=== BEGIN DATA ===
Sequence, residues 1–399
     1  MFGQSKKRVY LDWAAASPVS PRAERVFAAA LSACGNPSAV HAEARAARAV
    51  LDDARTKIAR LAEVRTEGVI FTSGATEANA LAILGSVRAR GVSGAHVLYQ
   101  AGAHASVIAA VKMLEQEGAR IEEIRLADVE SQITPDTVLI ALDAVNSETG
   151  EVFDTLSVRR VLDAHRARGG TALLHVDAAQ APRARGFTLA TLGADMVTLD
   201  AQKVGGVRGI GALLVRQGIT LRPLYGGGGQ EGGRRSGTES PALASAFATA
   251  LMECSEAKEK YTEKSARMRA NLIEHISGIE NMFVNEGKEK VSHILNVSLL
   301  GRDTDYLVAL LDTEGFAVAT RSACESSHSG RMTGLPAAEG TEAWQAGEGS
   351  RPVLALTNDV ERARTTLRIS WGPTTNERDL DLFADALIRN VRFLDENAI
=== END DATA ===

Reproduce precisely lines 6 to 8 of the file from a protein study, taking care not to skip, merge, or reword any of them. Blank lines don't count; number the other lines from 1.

   201  AQKVGGVRGI GALLVRQGIT LRPLYGGGGQ EGGRRSGTES PALASAFATA
   251  LMECSEAKEK YTEKSARMRA NLIEHISGIE NMFVNEGKEK VSHILNVSLL
   301  GRDTDYLVAL LDTEGFAVAT RSACESSHSG RMTGLPAAEG TEAWQAGEGS